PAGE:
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Pre-tax return on sales and post-tax return on sales of companies are two significant profit margins which need to be analysed before buying stocks of the companies. Let us briefly understand the meaning of these two margins along with their application in the investment decision making context.
Let us assume that the operating revenue of Himanshu Ltd (HL) in its recent financial year is Rs 2,500 crore, its other income is Rs 500 crore, raw material consumed is Rs 800 crore, purchase of stock in trade is Rs 100 crore, change in inventory of FG and WIP is Rs 100 crore, depreciation and amortisation is Rs 200 crore, employee benefit expenses is Rs 500 crore, finance costs is Rs 100 crore and other expenses is rs 200 crore. Tax expenses after adjusting for deferred tax is Rs 300 crore.
Pre-tax return on sales
It is otherwise known as Profit Before Tax (PBT). It is computed by dividing the Earnings Before Tax (EBT) amount by the total revenue of a firm. Operating revenue refers to the portion of total revenue that is generated by a firm from its core operating activities (it is Rs 2,500 crore for HL) while other income refers to the revenue generated by a firm from its non-operating activities such as revenue from investments in stocks and bonds of other firms and from the sale proceeds of investments (it is Rs 500 crore for HL). Total revenue is the sum of operating revenue and other income and is Rs 3,000 crore for HL.
Pre-tax return on sales is the excess of total revenue over the operating and non-operating expenses (finance costs) excluding tax expenses of a firm in a specific accounting period. Hence, total pre-tax expenses for HL is `2,000 crore (sum of raw material consumed, purchase of stock in trade, change in inventory of FG and WIP, D&A, employee benefit expenses, finance costs and other expenses).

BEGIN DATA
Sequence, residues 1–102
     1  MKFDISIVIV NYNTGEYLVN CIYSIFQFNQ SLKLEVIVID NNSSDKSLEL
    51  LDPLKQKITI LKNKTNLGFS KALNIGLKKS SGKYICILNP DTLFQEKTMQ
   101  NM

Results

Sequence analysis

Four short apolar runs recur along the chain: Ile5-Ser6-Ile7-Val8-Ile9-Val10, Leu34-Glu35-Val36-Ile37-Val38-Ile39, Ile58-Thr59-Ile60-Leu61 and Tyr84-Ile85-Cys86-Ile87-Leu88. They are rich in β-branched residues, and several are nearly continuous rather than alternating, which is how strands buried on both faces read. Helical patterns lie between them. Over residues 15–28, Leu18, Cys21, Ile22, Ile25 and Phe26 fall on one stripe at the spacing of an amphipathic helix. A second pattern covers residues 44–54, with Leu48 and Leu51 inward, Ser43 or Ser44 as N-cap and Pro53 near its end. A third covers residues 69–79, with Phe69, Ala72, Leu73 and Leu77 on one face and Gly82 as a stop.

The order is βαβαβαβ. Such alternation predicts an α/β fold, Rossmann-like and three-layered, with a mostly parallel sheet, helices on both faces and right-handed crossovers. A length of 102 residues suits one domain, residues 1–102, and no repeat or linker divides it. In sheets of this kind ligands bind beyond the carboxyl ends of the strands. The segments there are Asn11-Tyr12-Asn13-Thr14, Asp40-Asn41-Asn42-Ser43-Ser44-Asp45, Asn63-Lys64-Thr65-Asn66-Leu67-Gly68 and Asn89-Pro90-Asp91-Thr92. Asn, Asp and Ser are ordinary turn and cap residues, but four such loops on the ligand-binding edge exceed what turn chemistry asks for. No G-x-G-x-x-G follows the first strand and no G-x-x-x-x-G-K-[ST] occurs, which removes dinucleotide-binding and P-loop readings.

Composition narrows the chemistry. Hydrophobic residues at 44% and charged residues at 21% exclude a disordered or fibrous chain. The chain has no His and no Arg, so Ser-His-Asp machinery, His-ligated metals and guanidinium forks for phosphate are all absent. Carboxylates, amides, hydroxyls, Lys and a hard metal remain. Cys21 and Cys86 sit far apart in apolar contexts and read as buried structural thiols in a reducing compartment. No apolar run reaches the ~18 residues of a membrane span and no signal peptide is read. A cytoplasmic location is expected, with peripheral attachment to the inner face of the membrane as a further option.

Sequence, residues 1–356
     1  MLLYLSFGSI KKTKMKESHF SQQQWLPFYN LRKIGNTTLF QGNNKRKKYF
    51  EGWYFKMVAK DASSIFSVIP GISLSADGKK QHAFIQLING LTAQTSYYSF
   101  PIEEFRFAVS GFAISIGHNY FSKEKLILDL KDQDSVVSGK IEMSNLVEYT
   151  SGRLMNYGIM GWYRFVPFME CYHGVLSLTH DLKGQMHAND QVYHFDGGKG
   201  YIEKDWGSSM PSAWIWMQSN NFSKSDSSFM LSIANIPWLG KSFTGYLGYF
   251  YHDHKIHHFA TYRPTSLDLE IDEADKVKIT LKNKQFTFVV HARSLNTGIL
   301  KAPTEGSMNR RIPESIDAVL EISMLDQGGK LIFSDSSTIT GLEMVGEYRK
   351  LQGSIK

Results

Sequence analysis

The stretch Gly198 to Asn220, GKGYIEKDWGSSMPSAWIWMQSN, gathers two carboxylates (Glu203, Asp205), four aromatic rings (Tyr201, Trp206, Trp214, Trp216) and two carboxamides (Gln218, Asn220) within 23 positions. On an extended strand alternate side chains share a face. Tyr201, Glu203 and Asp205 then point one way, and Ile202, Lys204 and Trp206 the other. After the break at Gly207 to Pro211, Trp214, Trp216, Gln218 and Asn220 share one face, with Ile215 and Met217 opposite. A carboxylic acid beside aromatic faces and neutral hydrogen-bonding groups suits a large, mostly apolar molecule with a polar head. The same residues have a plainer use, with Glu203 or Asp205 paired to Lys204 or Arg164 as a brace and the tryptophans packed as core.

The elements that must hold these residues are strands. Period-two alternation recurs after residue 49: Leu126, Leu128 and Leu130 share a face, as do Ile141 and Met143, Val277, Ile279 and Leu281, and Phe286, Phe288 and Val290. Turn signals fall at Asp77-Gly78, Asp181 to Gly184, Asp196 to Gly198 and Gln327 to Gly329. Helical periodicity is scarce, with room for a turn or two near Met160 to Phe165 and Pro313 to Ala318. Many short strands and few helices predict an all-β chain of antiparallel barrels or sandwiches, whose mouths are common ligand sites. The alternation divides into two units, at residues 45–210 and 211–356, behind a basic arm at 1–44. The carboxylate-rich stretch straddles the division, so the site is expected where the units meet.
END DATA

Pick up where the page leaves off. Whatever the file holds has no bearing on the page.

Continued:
PBT for HL is Rs 1,000 crore, i.e., Rs 3,000 crore less Rs 2,000 crore. Therefore, pre-tax ROS is 33.33% (i.e 1000/3000 *100). This indicates HL is earning EBT of Rs 33.33 for every Rs 100 of its total revenue. PBT margin helps us in comparing two firms with differences in their tax expenses.
Post-tax return on sales
It is otherwise known as Profit After Tax Margin (PATM) or Earnings After Tax Margin (EATM) or Net Income Margin. It is computed by dividing net income (or PAT) by total revenue of a firm. EAT can be computed by subtracting total tax expenses from the PBT figure. For HL it is Rs 700 crore i.e., PBT of Rs 1,000 crore less tax expenses of Rs 300 crore. After-tax return on sales for HL is 23.33 % (i.e 700/3000 *100). This reflects that HL is earning Rs 23.33 as net profit for every Rs 100 of its total revenue.
PBT and PAT margins are to be computed for every firm. Both PBT & PAT are the line items of interest for shareholders of a firm and hence, an understanding of their meaning and application is a pre-requisite in assessing the attractiveness of the stocks for equity investors.
The writer is associate professor of Finance at XLRI – Xavier School of Management, Jamshedpur